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Crit Rev Clin Lab Sci. 2001 Jun;38(3):183-223.

Folic acid.

Author information

  • Department of Pathology, the Ottawa Hospital and the University of Ottawa, Ontario, Canada.

Abstract

Folic acid is an essential nutrient from the B complex group of vitamins. Folate, as a cofactor, is involved in numerous intracellular reactions, and this is reflected in the various derivatives that have been isolated from biological sources. Folic acid is involved in single carbon transfer reactions and serves as a source of single carbon units in different oxidative states. The processes involved in the absorption, transport, and intracellular metabolism of this cofactor are complex. Much of folate is bound tightly to enzymes, indicating that there is not excess of this cofactor and that its cellular availability is protected as well as being strictly regulated. In animals, the liver controls the supply of folate through first pass metabolism, biliary secretion, enterohepatic recirculation, as well as through senescent erythrocyte recycling. Deficiencies of folate can occur for many reasons, including reduced intake, increased metabolism, and/or increased requirements as well as through genetic defects. The effects of folate deficiency include hyperhomocysteinemia, megaloblastic anemia, and mood disorders. Folate deficiency has also been implicated in disorders associated with neural tube defects. Supplementation of grain products such as cereals has been undertaken in several countries as a cost-effective means of reducing the prevelance of neural tube defects. Recently, common polymorphisms have been discovered in several genes associated with folate pathways that may play a role in diseases associated with folate deficiency, particularly mild folate deficiency.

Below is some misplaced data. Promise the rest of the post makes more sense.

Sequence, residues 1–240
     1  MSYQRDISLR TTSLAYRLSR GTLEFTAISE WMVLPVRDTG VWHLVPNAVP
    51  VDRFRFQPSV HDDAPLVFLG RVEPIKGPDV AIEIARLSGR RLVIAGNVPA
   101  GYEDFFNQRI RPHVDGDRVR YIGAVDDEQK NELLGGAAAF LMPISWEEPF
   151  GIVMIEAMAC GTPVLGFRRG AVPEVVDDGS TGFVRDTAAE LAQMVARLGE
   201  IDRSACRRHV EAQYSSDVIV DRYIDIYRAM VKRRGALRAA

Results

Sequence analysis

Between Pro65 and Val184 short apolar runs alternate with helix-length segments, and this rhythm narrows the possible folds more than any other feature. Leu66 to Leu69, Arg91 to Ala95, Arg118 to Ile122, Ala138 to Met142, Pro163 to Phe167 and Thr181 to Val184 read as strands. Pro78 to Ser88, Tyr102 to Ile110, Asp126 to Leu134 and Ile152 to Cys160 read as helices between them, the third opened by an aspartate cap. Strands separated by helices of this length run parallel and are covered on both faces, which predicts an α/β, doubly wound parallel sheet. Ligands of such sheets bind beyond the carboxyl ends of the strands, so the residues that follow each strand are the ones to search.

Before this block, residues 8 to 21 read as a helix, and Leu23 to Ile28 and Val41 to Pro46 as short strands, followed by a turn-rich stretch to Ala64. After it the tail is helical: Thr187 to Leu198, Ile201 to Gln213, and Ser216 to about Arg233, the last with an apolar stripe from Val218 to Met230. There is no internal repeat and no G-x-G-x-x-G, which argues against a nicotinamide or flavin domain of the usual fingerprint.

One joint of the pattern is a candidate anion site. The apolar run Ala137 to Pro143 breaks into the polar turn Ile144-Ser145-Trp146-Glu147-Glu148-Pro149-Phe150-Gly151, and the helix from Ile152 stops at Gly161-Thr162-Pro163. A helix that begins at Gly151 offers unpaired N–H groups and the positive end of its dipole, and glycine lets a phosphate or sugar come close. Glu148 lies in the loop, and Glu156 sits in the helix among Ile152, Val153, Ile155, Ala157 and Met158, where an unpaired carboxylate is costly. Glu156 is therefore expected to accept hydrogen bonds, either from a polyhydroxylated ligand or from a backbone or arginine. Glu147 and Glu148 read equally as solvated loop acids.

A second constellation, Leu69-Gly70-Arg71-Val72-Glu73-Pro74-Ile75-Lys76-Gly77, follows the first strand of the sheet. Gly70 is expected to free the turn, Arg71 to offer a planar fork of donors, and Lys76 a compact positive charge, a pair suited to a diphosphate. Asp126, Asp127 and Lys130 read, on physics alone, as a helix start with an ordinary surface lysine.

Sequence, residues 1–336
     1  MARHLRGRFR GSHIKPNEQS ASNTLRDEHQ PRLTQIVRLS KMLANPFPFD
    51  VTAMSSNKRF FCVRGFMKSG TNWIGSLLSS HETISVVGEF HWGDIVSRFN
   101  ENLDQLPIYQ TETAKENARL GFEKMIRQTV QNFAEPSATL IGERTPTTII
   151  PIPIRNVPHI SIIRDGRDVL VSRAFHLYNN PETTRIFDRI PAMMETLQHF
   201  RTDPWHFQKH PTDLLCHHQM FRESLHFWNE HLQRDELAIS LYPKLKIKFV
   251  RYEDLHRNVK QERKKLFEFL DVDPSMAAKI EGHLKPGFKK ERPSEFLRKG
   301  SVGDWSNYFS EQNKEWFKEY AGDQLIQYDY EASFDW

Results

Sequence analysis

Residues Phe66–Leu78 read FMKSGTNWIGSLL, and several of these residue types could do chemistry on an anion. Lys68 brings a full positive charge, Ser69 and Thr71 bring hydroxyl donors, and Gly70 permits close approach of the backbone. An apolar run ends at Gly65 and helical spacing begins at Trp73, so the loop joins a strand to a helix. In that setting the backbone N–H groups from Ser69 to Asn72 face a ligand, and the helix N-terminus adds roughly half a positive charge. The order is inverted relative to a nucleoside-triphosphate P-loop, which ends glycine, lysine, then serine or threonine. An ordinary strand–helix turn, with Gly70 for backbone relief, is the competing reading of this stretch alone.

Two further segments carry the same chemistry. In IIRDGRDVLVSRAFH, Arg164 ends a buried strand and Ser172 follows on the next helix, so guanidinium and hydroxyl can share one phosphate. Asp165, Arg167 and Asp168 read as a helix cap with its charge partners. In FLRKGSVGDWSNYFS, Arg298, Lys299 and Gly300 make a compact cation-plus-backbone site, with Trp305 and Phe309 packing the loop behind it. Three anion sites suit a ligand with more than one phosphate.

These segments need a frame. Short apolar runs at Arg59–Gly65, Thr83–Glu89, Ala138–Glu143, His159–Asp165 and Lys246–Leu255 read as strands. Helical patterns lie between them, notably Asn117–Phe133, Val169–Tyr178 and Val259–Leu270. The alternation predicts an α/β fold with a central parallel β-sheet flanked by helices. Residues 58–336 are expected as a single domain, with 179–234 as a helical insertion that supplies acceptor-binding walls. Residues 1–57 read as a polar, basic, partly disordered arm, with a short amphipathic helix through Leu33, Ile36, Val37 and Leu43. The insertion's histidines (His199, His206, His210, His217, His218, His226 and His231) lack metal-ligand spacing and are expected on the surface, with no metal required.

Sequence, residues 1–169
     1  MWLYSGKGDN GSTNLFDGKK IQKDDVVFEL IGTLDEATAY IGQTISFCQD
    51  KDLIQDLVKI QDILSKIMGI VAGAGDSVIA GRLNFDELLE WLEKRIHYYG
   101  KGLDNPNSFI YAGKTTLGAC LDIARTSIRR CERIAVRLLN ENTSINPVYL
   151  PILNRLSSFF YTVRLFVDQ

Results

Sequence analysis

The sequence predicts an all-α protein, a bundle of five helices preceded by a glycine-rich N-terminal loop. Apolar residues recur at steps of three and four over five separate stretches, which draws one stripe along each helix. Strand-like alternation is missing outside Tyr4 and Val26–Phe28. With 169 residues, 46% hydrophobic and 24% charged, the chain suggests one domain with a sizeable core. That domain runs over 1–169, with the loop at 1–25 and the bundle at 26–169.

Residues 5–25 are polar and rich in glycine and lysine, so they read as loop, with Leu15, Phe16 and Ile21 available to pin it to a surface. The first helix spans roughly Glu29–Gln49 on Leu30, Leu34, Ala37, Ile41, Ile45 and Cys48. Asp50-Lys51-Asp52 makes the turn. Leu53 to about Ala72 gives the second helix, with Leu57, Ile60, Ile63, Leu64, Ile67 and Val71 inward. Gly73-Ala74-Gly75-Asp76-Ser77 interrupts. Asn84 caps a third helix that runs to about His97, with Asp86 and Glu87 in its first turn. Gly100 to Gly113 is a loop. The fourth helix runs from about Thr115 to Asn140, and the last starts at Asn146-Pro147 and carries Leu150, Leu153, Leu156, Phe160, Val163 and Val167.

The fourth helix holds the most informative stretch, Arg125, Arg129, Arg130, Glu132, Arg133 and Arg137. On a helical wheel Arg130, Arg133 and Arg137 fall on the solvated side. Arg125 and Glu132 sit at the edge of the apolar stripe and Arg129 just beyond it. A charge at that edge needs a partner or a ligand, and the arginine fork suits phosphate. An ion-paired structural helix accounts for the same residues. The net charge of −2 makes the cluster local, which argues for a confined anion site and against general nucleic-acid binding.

PMID:
11451208
[PubMed - indexed for MEDLINE]

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